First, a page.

Brood reduction in the Red-necked Grebe Podiceps grisegena
Brood reduction in Red-necked Grebes Podiceps grisegena breeding on fish ponds in south-eastern Poland occurred either through the desertion of the last-laid eggs after partial hatching of the clutch and/or the selective starvation of the smallest chicks. Abandonment of unhatched eggs was not influenced by the number of young already hatched or by the breeding date, but it was more likely in larger clutches and in families suffering chick starvation. Chicks from the largest broods had a higher probability of survival until fledging than those from single-chick broods. Larger chicks obtained food more successfully through better positioning during food delivery. In families that did not suffer brood reduction, chicks were better provisioned with food than in reduced broods. Although allocation of food among chicks in reduced broods was more skewed to the disadvantage of the younger siblings, dominant chicks obtained less food prior to brood reduction than dominant siblings in unreduced broods. Sibling aggression did not differ between unreduced and reduced broods before death of the weakest chicks. Post-laying adjustment of the number of offspring to prevailing feeding conditions occurred at two stages: by parental manipulation of the number of hatched eggs at the time when parents and chicks leave the nest and by competition between chicks. It is suggested that late egg desertion may be an adaptive mechanism of brood-size adjustment, when elimination of the weakest chicks through sibling competition is not very efficient.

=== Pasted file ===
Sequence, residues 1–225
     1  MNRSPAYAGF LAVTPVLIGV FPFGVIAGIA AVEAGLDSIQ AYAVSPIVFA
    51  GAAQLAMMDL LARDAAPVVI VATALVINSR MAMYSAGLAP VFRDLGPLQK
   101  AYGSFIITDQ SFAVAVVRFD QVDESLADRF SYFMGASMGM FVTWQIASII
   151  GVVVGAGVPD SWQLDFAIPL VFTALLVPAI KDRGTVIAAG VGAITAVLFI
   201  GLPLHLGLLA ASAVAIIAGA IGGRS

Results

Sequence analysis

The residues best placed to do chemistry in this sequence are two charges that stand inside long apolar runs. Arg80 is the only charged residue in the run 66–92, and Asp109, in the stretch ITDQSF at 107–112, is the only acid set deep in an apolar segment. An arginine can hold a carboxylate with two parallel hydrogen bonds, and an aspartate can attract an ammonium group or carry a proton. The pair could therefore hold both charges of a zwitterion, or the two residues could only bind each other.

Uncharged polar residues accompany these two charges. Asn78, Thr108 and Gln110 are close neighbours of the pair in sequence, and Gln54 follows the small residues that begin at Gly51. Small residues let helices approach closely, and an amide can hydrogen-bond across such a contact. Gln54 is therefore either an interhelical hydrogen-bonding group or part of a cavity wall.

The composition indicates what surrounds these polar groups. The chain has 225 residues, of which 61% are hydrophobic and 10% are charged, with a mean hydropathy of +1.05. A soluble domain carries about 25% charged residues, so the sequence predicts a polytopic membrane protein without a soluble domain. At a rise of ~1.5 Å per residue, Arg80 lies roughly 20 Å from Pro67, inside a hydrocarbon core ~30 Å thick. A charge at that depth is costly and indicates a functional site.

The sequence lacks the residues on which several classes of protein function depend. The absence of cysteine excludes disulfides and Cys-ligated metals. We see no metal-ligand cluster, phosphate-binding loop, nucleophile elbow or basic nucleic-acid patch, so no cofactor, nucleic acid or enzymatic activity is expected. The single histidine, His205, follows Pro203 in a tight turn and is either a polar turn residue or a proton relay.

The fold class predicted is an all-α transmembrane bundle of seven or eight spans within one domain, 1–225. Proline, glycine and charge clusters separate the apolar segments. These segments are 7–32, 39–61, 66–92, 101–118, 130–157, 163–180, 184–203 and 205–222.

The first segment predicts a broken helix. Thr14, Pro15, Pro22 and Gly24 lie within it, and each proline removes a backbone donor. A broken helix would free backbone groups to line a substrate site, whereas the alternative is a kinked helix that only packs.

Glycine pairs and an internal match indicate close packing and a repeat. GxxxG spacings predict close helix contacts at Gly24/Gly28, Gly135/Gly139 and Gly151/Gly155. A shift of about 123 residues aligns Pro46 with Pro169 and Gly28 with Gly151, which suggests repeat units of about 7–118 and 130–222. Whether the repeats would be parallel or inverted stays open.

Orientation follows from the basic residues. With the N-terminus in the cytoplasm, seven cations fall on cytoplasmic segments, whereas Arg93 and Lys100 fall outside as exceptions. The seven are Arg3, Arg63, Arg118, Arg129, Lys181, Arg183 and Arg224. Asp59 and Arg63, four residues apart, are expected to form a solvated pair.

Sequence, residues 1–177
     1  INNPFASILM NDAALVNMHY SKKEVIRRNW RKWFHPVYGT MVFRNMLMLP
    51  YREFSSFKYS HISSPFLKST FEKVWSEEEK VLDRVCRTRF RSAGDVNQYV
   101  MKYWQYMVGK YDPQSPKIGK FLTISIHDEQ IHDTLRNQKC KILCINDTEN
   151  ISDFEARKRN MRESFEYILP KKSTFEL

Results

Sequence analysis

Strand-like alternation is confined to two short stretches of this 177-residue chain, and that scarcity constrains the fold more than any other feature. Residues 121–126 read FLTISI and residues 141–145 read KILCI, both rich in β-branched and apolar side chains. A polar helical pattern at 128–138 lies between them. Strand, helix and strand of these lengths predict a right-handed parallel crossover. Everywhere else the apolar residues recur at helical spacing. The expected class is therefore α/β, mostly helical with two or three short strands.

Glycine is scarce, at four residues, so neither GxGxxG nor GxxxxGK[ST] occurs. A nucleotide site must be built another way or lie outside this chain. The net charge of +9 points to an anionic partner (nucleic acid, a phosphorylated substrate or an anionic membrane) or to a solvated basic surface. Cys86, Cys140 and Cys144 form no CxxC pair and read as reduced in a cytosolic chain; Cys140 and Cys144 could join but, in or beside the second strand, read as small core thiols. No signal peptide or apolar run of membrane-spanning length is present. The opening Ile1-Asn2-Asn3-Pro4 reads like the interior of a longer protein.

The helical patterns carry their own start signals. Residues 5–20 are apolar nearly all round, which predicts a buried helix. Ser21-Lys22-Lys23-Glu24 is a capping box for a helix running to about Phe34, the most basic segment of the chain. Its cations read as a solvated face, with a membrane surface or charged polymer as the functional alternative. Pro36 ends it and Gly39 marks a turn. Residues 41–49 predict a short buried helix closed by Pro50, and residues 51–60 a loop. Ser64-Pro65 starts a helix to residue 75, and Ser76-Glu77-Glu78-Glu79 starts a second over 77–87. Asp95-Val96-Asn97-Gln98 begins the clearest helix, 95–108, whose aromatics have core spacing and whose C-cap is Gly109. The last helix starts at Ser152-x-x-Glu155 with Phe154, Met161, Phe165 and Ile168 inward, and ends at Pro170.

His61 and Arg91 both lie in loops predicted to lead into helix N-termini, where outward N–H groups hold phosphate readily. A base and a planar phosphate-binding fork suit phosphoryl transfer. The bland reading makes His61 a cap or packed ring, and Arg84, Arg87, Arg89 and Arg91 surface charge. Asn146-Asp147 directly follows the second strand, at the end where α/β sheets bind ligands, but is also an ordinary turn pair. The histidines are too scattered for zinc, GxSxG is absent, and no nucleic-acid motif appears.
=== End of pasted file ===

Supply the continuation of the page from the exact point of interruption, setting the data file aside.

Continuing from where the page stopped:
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Document Type: Research Article
Publication date: 2003-04-01